AMD’s Ryzen 5000 series CPUs are finally here and much like its Ryzen 3000 series, the new processor lineup has given the company additional ammunition to sustain its assault on Intel and its current 10th generation desktop CPU lineup. Armed with its new Zen 3 architecture across the board, it’s clear that the CPU maker isn’t making it easy for its rival.
In this review, I take a look at AMD’s 2nd most powerful CPU in the lineup, the Ryzen 9 5900X, and see if this particular CPU is worth its RM2499 asking price.
On paper, the general specifications of the 5900X doesn’t actually look any different from its direct predecessors, the 3900X and its ever so slightly more powerful 3900XT. Dig a little deeper, though, and you’ll find that, despite sharing the same 7nm die lithography, AMD has clearly made some improvements in the Zen 3 architecture.
As per its announcement, the 5900X and all its siblings offers up to 19% more instructions per clock (IPC) than its predecessors and around 2.4 times more performance per watt than Zen 2. More about the latter later.
What is interesting and innovative is that, unlike Zen 2, the new Zen 3 architecture now provides users with a full 32MB L3 Cache per die, rather than splitting it into two 16MB L3 Caches. Doing this translates into a series of improvements to all CPUs under the Ryzen 5000 series lineup; for starters, each core gains access to the full 32MB L3 Cache, rather than having a set number of cores drawing from a 16MB L3 Cache, just like the CPU based on the Zen 2 architecture.
This, in turn, also reduces the “Effective Memory Latency”, which is basically just a way of saying that any tasks rendered upon the CPU Cache and memory.
The good news is that in order to run the new Ryzen 5000 Series CPUs, you won’t need a new motherboard. The current generation AM4 motherboards are recyclable, but because my X570 motherboard predates the arrival of the new 5900X, a BIOS update is required in order for it to post.
As for the testing methodology, I will be testing the 5900X alongside its direct predecessor, the Ryzen 9 3900X, but not 3900XT, simply because the difference between these two processors is negligible. I also managed to overclock the 5900X and keep it running at a sustained speed of 4.675GHz, with the voltage at 1.35V. Those are staggeringly impressive numbers, especially when you look back a year ago with the 3900X, when I struggled to even get it to hold at 4.4GHz and its voltage set at 1.5V.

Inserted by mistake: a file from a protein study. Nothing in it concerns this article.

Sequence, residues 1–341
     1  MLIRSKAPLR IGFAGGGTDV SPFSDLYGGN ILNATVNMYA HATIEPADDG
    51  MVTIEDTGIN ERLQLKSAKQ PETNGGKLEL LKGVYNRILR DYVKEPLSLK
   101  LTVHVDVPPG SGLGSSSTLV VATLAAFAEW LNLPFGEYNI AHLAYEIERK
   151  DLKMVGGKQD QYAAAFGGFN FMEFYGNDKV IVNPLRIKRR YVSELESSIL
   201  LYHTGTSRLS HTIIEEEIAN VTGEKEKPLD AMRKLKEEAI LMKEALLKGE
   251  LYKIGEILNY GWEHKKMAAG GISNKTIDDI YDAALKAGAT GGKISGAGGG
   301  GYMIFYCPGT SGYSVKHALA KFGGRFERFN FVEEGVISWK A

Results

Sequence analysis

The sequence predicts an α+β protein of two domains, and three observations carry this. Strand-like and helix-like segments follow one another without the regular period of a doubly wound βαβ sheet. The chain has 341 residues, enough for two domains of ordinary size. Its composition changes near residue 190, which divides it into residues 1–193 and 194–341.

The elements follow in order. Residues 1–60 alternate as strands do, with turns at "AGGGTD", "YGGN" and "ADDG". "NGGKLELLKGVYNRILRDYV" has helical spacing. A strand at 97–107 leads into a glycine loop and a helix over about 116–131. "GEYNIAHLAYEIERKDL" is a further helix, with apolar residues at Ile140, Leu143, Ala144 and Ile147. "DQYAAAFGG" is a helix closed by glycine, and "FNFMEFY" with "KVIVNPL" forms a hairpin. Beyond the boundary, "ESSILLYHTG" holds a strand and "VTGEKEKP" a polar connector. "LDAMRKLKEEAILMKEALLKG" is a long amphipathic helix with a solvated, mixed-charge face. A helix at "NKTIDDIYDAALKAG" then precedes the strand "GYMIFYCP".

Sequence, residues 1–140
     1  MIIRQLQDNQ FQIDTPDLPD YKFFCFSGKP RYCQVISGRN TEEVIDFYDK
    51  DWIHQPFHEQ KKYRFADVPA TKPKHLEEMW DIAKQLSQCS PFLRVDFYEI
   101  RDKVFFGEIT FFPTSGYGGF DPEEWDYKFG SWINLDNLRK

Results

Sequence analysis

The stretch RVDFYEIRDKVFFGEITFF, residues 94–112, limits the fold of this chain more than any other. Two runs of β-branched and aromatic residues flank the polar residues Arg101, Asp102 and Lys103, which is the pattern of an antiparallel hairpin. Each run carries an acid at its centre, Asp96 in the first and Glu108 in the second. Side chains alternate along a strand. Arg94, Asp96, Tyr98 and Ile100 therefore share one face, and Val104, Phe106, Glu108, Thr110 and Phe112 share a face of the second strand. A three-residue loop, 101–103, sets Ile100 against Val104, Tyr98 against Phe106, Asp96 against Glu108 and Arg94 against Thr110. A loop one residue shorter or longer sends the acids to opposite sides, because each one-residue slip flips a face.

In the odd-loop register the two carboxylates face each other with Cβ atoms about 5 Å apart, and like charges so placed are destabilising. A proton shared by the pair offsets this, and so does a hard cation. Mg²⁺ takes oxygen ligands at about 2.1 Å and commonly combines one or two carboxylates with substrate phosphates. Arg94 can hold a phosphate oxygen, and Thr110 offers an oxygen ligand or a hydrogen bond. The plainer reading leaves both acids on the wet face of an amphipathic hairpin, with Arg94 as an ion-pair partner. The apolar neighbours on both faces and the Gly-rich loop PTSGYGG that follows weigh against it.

Moving on, I will also be comparing the gaming performance of both Ryzen CPUs with NVIDIA’s GeForce RTX 3080 Founders Edition at its stock settings. On another note, I’ve also swapped out my previous Thermaltake AiO cooler for a GamerStorm Castle 240EX AiO, as well as applied Thermal Grizzly’s top of the line Kryonaut Extreme thermal grease.
In regards to gaming, I’m using the same list of games that I use when benching graphics cards. Also note that the framerates listed in DXR-capable titles were obtained with NVIDIA’s DLSS uspcaling technology turned on, along with the DXR setting maxed out as well.
In its default state, the 5900X definitely shows improvements across the board, but what is surprising is the CPU’s gains and stability after overclocking. At 4.675GHz, the 5900X showed up to 5% performance improvement in UL’s 3DMark Fire Strike Physics tests, and approximately 8% in the Time Spy Extreme test.
The biggest jump in performance, though, can be seen in UL’s PCMark 10 Extended benchmark, where the 5900X in its overclocked state jumped from 8046 to 11241 points; that’s an approximate 40% increase and it actually caught me off guard to the point that I actually ran the test again to see if the score was consistent. To its credit the 5900X still managed to sustain a score above the 11000 mark, so this wasn’t just an anomaly.
Those same overclock performance gains can also be seen in the Cinebench R20 benchmark. Yes, AMD has already gave the world a glimpse of the 5900X’s prowess with the program during its presentation, and yes, it does break past the 600 points threshold for its single-threaded performance.